Yesterday I met with the radiation oncologist. It was quite a long visit with an exam that included testing my strength and reflexes as well as palpating the breast tissue (he was pleased with everything) and a long conversation about next steps. I'll try to cover all the highlights. It didn't go quite as well as I'd hoped.
Although the surgery decision is up to the surgeon and me, he recommended I go with a mastectomy of the right breast. He said I'm a high risk for local (as in, the same area rather than the other breast or another area) recurrence, so we need to do everything possible to make sure that doesn't happen. As much as I would have loved to go with the less invasive surgery, I am totally on board with doing everything possible to keep the cancer from coming back. So, I will go with that recommendation.
He also said I might want to skip the tissue extender (which would A. give me some symmetry until reconstruction and B. get the area ready for reconstruction as far as room goes) because he suspects the surgeon will take some of my pectoral muscle since it was affected by the tumor and there could be increased risk of complications with the TE. Also, he suggested waiting a whole year after radiation to get reconstruction to make sure I'm really cleared of cancer. So, that means wearing a prosthetic so I don't walk around with one boob. It's a bummer, but there are worse things (knock on wood).
Because of my risk and there's some skin involvement (I mentioned the red patch of skin early on--it's reduced greatly but still there), he will treat me more aggressively than most people. I will have 25 treatments to the whole area (to capture the involved lymph nodes next to my breast bone) and 5-8 more (probably 8) to just the part where the tumor was. He said I will sunburn and blister...and if I don't blister, he will keep blasting me until I do, because that needs to happen in order to ensure the skin is thoroughly treated. Joy. On the bright side of that, the skin where my breast will no longer be won't hurt, because it'll be numb. The worst part will be on my armpit, since there will probably still be sensation, and the skin-on-skin contact will be uncomfortable.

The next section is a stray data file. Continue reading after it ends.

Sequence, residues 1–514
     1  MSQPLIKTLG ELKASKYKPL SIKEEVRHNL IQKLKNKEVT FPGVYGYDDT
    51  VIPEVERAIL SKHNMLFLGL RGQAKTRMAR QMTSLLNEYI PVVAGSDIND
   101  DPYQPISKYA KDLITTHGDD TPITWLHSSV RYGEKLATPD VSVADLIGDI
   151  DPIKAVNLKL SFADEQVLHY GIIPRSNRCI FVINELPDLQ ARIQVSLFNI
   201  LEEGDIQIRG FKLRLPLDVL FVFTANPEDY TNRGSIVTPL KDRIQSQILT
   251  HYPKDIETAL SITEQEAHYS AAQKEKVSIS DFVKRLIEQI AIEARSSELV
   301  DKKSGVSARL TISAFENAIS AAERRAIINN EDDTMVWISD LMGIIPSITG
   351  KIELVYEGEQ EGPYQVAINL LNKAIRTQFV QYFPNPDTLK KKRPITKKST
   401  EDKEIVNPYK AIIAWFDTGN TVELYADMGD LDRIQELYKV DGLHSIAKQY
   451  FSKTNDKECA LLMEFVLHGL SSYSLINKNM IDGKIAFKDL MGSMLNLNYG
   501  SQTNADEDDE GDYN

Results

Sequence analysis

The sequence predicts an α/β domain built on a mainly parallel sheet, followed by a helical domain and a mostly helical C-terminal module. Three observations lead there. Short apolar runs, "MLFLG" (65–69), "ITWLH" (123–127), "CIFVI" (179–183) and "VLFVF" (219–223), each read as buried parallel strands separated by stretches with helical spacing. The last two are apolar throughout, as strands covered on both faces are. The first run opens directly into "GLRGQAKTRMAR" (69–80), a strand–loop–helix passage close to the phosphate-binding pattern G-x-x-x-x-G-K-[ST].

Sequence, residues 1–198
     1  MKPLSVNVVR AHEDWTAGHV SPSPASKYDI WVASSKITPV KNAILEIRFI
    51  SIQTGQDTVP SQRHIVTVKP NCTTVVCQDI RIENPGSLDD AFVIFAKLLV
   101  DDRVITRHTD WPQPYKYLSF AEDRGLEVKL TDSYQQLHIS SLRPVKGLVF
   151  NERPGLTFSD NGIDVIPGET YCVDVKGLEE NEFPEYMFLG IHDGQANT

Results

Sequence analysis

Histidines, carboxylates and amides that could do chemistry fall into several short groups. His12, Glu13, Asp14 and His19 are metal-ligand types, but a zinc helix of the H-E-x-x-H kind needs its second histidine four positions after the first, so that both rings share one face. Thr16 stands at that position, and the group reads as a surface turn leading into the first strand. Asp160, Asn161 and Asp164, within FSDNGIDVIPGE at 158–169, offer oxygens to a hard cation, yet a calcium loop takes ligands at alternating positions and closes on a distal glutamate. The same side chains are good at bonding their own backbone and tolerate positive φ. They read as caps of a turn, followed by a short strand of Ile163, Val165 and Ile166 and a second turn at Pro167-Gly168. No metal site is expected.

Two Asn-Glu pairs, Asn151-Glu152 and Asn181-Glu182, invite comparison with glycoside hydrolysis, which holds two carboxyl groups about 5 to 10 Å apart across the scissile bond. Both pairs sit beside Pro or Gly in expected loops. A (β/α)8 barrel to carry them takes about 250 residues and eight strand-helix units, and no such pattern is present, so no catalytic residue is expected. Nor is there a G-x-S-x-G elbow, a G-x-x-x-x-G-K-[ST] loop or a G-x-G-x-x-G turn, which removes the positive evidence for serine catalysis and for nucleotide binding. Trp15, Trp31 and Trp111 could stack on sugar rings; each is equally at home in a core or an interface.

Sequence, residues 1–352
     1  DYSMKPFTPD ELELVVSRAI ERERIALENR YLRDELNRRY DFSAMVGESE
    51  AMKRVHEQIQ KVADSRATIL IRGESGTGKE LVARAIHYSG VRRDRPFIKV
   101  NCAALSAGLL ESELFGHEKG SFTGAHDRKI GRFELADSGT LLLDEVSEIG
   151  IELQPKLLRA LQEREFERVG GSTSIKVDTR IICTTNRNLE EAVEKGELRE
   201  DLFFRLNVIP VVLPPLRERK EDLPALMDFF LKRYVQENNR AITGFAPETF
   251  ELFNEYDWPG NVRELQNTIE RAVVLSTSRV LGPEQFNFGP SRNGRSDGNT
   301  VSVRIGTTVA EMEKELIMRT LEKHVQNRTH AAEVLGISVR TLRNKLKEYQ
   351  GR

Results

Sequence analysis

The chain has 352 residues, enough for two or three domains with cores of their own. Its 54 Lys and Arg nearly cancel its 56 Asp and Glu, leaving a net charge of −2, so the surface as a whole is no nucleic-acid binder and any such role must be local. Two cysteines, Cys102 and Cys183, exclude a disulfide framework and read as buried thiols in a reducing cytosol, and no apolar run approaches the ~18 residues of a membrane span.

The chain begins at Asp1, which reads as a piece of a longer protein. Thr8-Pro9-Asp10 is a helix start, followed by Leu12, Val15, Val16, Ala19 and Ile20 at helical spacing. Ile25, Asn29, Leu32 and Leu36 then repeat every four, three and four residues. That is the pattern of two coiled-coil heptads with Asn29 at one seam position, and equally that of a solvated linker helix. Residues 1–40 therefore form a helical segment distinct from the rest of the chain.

I'll have permanent scar tissue on my lungs that will show up on scans, but it shouldn't affect me too much. There is little risk to my heart since we're only targeting the right side. There will also be some scarring of the chest wall, which could affect reconstruction.
Radiation generally starts 4-6 weeks after surgery, depending on how long it takes me to recover. I need to be able to put my arm above my head, and the probably dissection or removal of the lymph node in my armpit may make that difficult. There won't be any restrictions on my diet or activities other than no sitting in hot tubs or nude sunbathing--no problem. My energy will probably be affected, especially in the last 2-3 weeks. That's nothing new, but I hope it recovers a bit before radiation starts so I have a chance to feel normal for a little while, at least, and get some exercise.
That's everything that I remember and that we took notes on. Next up, meet with the surgeon on Tuesday. Last chemo on Wednesday.
Michael is feeling better, although not 100% and we're giving it another day before we have contact. His son is over it already. So far, knock on wood, I am asymptomatic so maybe our precautions worked.
Mentally, I'm fine with all the news even if it wasn't what I wanted to hear, because I was already resigned to it anyway. Mostly I'm feeling lonely and pissy about being quarantined. Just another day or so!